Junket operators will face even tougher restrictions under a new bill which is set to be submitted to the Legislative Assembly in the near future.
Secretary for Administration and Justice André Cheong Weng Chon, said yesterday that the government aims to replace an administrative regulation regulating the city’s junket operators, officially known as gaming promoters, to ensure the sustainable and healthy development of the city’s gaming industry.
The bill aims to define the conditions of the city’s gaming concessionaires, management companies hired by concessionaires, gaming promoters and their sub-agents (officially called “collaborators” by the bill) by clarifying their respective qualifications, obligations and responsibilities, so as to prevent criminal and administrative offences and to enable the gaming industry to operate in a more healthy and orderly way, according to Cheong.
In particular, the bill imposes criminal penalties on offences such as illegal deposit-taking and the refusal to comply with the obligations stipulated by the bill. The bill also specifies offenders’ administrative penalties and provides for additional penalties such as the possible closure of casinos or ban on gaming business activities as deterrent measures.
The bill proposes a prison term of up to five years for illegal deposit-taking. Junkets operating VIP rooms in local casinos have operated deposit-taking activities in the past, according to police reports.
According to the bill, agreements between junkets and casino concessionaires must be approved by the government.
Cheong underlined that as the bill proposes criminal penalties, the current administrative regulation (by-law) regulating the junket sector needed to be amended in the form of a law as matters of criminal punishment must be regulated by law and proposed laws (bills) must be submitted to the legislature for debate and vote – unlike administrative regulations which the government enacts by itself.
Consequently, it will be the first time that junkets will be subject to a specific law containing the possibility of criminal punishment. Junkets’ “collaborators” have never previously been subject to licensing by the government.
Cheong said the bill proposes that in the future junkets can only operate in the form of a company, involving strict requirements on the respective companies’ composition and capitalisation.
Cheong underlined that each licenced gaming promoter and management company can only work for only one gaming concessionaire, while “collaborators” hired by gaming promoters are not covered by this restriction.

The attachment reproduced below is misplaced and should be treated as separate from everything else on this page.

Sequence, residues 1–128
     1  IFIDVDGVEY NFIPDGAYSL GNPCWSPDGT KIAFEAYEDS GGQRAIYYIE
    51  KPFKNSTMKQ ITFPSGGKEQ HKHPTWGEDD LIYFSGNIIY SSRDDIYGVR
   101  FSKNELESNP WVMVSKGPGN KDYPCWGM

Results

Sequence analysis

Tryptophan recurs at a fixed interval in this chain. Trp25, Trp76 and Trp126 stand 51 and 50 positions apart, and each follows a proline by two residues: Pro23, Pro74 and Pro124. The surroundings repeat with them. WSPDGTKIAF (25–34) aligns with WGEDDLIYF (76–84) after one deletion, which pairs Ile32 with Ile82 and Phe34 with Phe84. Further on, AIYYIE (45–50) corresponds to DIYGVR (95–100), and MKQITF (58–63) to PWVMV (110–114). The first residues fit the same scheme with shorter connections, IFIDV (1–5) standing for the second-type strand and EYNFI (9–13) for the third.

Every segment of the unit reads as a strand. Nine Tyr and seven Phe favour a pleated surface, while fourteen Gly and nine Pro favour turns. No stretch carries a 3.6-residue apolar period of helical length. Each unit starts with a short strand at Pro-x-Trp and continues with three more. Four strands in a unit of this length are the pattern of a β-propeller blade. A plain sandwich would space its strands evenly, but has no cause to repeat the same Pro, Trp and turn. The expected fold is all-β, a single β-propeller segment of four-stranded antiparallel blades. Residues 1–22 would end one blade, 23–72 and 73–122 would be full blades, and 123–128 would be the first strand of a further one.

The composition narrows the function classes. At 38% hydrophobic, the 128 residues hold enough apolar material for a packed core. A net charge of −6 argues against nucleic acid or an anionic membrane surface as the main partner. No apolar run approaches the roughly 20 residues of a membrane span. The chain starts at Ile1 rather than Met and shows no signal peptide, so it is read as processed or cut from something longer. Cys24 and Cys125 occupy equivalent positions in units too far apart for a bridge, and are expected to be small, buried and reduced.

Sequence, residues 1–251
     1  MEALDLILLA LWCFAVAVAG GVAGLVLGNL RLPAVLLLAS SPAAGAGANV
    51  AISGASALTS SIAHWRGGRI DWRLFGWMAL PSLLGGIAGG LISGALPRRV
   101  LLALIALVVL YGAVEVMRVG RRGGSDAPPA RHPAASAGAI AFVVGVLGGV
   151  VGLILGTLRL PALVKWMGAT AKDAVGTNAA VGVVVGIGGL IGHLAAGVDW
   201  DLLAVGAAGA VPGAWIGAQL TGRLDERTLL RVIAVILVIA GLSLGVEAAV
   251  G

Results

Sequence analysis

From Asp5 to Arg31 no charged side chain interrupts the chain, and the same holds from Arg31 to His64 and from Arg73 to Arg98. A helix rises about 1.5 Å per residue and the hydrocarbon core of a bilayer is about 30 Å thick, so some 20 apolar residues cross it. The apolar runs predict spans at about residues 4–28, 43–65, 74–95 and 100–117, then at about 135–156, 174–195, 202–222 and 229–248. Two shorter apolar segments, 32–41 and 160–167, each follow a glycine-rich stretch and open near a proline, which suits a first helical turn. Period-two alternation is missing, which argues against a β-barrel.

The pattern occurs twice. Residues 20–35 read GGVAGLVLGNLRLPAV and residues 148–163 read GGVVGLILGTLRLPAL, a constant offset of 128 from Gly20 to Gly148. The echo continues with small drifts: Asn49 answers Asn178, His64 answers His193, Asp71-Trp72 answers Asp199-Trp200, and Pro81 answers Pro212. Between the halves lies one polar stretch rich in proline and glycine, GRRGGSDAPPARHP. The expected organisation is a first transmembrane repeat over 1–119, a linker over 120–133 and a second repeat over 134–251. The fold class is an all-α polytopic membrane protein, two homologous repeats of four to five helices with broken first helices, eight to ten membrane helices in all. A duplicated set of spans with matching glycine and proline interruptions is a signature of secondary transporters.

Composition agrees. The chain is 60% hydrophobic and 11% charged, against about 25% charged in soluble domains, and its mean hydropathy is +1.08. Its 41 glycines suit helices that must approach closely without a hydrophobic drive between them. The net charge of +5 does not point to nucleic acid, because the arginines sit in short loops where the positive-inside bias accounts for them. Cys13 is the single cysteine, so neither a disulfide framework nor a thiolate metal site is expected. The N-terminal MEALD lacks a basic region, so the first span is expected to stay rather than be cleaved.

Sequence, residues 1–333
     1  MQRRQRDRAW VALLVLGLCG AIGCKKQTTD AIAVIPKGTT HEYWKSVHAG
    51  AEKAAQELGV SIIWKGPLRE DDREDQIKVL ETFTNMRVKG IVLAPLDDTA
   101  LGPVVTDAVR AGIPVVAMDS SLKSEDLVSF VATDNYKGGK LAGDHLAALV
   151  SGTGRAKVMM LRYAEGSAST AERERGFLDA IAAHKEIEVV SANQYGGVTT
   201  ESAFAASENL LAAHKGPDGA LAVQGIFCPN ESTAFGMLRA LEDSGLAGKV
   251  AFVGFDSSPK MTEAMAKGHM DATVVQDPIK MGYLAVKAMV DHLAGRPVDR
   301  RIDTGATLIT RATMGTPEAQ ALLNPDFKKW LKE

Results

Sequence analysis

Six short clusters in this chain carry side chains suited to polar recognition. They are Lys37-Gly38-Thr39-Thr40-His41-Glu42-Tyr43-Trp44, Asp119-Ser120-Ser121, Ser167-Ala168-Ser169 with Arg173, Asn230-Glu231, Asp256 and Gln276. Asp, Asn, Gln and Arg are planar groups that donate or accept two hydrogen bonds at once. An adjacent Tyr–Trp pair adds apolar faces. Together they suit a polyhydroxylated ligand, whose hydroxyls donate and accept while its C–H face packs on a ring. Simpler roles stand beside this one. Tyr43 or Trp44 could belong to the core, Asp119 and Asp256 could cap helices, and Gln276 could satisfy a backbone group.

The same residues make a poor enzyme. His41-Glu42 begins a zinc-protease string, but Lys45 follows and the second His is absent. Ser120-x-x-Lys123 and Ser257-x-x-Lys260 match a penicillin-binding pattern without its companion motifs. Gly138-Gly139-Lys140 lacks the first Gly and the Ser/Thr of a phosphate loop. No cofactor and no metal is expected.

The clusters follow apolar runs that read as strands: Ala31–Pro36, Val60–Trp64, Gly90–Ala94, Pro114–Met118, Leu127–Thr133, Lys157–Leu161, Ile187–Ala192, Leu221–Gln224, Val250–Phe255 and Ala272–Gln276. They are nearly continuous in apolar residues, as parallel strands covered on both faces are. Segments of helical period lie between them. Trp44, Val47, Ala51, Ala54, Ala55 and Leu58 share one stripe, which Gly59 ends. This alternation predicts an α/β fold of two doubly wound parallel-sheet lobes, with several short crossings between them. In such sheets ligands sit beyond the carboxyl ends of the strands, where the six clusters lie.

The bill also proposes to clarify the respective gaming operation obligations of the concessionaires, management companies, gaming promoters and their “collaborators”. Cheong underlined that the bill aims to clarify the concessionaires’ supervisory powers over the gaming promoters, their “collaborators” and management companies.
Gaming Inspection and Coordination Bureau Director Adriano Marques Ho noted that in January 46 gaming promoters were officially licenced by his bureau. At present, Ho noted, there are 37 gaming promoters still in operation, while one has requested that their licence be cancelled.
Ho also said that last year his bureau examined the eligibility of 31 “collaborators”. He pointed out that unlike gaming promoters, “collaborators” do not need to be local residents.
According to the bill, a gaming promoter’s licence issued prior to the new law on the junket sector taking effect will remain valid until its expiry date, while the current “collaborators” who obtained authorisation before the bill comes into force must apply for permission within 90 days thereafter and may continue to carry on their business during the application period.
The current three gaming concessions and three sub-concessions expire in June. The gaming sector comprises three concessions (SJM, Galaxy and Wynn) and three sub-concessions (Venetian Macao, Melco and MGM). The three concessionaires hold one sub-concession each.
Ho said that the government has received applications from the three gaming concessionaires and three sub-concessionaires for extension of their agreements with the government until the end of the year, which the government is currently analysing.
A separate amendment bill on Macao’s gaming industry is slated to be submitted to a plenary session of the legislature for its second reading and vote shortly. It was reviewed article-by-article by a standing committee of the legislature in the past few weeks, The Macau Post Daily reported.